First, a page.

- Also known as hallucinogenic fish poisoning. The term ichthyoallyeinotoxism comes from the Greek words ichthus (fish), aluein (to be out of oneself, to hallucinate), and toxikon (venom). It is used to denote a rare hallucinogenic intoxication due to the consumption of the head or other body parts of a fish belonging to the group of * dream fish, many species of which are indigenous to the Indian and Pacific Oceans, and the Mediterranean Sea. Because of their psychoactive effects, such fish species are referred to as *psychoactive fauna. Ichthyoallyeinotoxism is classified as a variant of ichthyosarcotoxism, i.e. food poisoning caused by the ingestion of fish. The symptoms typically commence within a few minutes to 2 h after the consumption of fish, and they usually last no longer than 36 h. Ichthyoallyeinotoxism is characterized by generalized malaise and a variety of CNS disturbances such as nausea, vertigo, disturbances in motor coordination, vivid *visual and/or *auditory hallucinations, * nightmares, and sometimes frank * delirium. The hallucinations occurring in the context of ichthyoallyeinotoxism are sometimes compared to those occurring in LSD intoxication. The toxin or toxins responsible for the mediation of ichthyoallyeinotoxism are unknown. As all ichthyoallyeinotoxic fishes appear to be algal grazers, it is believed that they may derive their hallucinogenic properties from alkaloids of the indole group, which are chemically quite similar to LSD, and which occur naturally in certain types of algae and phytoplankton. It has also been suggested that ichthyoallyeinotoxism may be mediated by * dimethyltryptamine (DMT), a * hallucinogen even more potent than the indoles present in fish.ReferencesDe Haro, L., Pommier, P. (2006). Hallucinatory fish poisoning (ichthyoallyeinotoxism): Two case reports from the Western Mediterranean and literature review. Clinical Toxicology, 44, 185-188.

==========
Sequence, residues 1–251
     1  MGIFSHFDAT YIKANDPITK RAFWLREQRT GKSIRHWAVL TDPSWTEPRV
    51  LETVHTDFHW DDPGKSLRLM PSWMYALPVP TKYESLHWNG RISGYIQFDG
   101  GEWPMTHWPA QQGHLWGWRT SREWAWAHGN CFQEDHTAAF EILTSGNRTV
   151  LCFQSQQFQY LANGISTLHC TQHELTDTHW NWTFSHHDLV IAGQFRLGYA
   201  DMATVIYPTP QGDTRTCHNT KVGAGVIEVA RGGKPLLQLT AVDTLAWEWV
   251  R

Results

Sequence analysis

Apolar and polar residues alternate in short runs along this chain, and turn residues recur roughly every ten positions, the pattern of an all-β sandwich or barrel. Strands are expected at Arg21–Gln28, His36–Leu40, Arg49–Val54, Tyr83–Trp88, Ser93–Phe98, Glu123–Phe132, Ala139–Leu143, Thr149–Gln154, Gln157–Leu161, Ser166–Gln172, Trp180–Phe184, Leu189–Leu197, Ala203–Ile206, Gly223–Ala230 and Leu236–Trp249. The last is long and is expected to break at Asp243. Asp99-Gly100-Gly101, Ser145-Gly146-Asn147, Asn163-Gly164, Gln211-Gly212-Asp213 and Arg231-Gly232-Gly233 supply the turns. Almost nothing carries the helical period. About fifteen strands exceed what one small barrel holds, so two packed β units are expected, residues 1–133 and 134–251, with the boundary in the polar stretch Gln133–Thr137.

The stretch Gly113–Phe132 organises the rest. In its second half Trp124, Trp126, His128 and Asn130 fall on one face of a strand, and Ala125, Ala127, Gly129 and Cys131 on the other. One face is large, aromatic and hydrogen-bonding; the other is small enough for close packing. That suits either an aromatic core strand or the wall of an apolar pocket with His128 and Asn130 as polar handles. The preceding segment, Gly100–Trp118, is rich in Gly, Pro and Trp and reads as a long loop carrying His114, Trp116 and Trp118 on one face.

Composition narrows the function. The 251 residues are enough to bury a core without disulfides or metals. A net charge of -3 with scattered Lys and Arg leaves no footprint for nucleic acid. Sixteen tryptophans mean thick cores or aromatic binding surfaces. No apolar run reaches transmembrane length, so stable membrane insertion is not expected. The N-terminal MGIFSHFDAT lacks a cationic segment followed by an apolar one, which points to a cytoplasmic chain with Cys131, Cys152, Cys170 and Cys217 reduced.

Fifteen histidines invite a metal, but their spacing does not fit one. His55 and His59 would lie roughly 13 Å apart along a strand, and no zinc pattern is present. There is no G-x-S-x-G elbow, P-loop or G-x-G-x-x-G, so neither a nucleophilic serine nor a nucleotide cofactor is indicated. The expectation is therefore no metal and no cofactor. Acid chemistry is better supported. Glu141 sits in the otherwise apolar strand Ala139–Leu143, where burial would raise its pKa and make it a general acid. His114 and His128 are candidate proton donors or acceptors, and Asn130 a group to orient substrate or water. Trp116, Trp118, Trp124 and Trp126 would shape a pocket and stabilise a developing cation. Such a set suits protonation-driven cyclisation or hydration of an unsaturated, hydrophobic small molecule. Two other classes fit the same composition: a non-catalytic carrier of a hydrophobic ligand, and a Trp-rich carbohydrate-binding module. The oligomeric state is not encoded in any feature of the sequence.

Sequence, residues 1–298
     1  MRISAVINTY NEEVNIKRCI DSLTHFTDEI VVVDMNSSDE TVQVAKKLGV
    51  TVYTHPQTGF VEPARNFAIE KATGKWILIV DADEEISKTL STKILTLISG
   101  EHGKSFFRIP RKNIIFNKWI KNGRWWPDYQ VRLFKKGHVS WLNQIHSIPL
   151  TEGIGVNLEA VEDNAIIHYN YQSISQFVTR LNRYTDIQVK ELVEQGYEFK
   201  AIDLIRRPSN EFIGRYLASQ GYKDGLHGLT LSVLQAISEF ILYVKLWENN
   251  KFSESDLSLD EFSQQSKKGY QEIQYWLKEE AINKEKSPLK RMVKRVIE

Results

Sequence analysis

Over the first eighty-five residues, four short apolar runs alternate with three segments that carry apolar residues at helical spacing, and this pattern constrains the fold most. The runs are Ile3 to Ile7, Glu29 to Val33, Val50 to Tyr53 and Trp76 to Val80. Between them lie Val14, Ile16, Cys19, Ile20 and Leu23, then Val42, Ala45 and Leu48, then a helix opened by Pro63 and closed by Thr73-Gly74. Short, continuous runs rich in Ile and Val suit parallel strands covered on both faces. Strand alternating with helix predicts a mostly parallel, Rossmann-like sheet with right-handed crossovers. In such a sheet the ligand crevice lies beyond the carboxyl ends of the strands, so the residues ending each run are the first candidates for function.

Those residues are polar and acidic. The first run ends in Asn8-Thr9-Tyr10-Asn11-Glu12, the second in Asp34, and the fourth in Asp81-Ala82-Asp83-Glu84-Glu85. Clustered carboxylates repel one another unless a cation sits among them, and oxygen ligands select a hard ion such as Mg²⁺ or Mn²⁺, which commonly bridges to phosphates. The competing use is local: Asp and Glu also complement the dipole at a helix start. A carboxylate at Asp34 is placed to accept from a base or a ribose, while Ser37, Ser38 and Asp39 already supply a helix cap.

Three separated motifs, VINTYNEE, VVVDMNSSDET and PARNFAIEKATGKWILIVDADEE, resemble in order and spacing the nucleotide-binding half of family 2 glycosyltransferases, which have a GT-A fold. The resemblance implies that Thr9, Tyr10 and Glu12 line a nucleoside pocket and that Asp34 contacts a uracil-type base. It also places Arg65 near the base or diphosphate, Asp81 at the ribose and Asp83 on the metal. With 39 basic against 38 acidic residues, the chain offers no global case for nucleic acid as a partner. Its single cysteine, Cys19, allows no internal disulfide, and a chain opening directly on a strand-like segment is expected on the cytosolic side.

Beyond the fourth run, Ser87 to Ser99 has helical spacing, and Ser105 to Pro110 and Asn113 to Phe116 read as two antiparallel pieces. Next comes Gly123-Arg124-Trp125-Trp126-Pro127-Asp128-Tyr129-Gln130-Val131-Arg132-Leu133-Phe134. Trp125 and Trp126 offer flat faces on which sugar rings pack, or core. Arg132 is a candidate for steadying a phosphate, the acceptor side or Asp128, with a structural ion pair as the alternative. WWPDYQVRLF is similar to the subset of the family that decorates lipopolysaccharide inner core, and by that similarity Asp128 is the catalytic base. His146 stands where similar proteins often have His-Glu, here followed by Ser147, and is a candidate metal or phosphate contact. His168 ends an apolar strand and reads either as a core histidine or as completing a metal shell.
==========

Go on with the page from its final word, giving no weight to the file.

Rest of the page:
Dictionary of Hallucinations. J.D. Blom. 2010.